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Orphan Train Brings Help to Local Farmers, Merchants

GALLERY: 4th Grade 'Orphans' Arrived at Depot on Wednesday to be Placed with Local Families

Posted by Uplift Shiawassee at 12:35pm 5/31/18

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"In 1850 there was an estimate of 30,000 orphaned and homeless children living on the streets of New York City. Charles Loring Brace, the founder of The Children's Aid Society, believed that there was a way to change the futures of these children," Durand Union Station Executive Director, Mary Warner-Stone told Uplift Shiawassee at a previous depot-hosted Orphan Train field trip offered to area students. 

"By removing abandoned children from the city streets and placing them in with farm families, he thought they would have a chance of escaping a lifetime of hopelessness." 

Brace wrote an essay in 1872 discussing "Misery Row," an area around Tenth Avenue in New York City considered to be a "breeding ground" of crime and poverty and a "fever nest," where disease spread rapidly. Orphans and runaways were inevitably drawn to this area. The absence of real, effective social services, inspired Brace and others to pursue social reform. 

The Orphan Train Movement operated between 1853 and 1929, delivering orphaned, abandoned or homeless children from eastern cities to largely rural midwest areas.



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After arriving aboard the Orphan Train, on Wednesday, 4th grade students from Durand had the opportunity to participate in reenactments, hoping to be adopted and begin a new life.

State Farm Insurance Agent, Bart Harris, has been involved with the Orphan Train at the depot for years; "What a great day," he said after Wednesday's event. "The stories many of these kids came up with were just amazing. They have got great imaginations when you get them talking. I wouldn’t have missed it for anything."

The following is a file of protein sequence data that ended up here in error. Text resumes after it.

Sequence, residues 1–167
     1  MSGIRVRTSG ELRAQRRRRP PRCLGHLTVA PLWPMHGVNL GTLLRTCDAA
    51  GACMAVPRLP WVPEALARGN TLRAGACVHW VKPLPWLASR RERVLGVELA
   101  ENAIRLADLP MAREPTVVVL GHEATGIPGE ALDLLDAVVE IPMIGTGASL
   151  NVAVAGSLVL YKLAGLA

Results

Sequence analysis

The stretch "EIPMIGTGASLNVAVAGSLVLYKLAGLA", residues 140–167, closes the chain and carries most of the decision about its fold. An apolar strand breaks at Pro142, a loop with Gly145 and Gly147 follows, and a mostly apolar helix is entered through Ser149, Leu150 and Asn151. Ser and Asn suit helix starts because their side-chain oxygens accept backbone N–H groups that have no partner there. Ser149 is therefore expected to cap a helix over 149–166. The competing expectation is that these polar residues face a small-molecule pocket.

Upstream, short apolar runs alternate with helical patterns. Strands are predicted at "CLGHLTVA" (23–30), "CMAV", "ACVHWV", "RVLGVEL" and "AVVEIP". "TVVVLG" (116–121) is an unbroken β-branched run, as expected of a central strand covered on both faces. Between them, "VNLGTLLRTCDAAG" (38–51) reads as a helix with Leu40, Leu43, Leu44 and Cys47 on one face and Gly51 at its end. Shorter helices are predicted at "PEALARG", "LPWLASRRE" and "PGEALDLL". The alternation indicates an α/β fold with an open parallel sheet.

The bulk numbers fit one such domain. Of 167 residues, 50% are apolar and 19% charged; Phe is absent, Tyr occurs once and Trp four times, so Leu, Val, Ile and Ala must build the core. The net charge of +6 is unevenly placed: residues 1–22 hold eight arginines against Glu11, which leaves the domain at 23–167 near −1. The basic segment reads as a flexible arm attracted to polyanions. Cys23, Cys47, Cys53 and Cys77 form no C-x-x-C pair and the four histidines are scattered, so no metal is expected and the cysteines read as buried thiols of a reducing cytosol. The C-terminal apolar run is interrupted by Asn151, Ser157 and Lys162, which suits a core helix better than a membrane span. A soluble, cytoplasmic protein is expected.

Harris facilitated one of three listening stations, where students shared personal back stories they had created prior to the event.

In the past, he also acted as a period insurance agent. "Long stretch, don’t ya think," he joked after the 2014 Orphan Train event.

That year, as an insurance agent, he was looking for an orphan with good penmanship that would work for him. "I needed someone who could master calligraphy as all of the insurance contracts were hand written at that time," he told Durand Now at that time. "The older boy was quite good at this. The youngest brother liked farming. I needed a person for my small farm that we live on. The two sisters liked to cook and clean -- PERFECT. I hate both. I adopted the whole family." Harris said the scenario he described would have been highly unlikely, as in most cases, families were split up.

In many cases, adopted orphans lived very hard lives.

"A farmer may need a boy to help him with the farm...depending on how the farmer wanted to accept this boy he might be treated as an indentured servant or, if he was fortunate enough, the farmer might actually treat him as a family member."

CLICK HERE TO SEE PHOTOS FROM THE 2018 ORPHAN TRAIN

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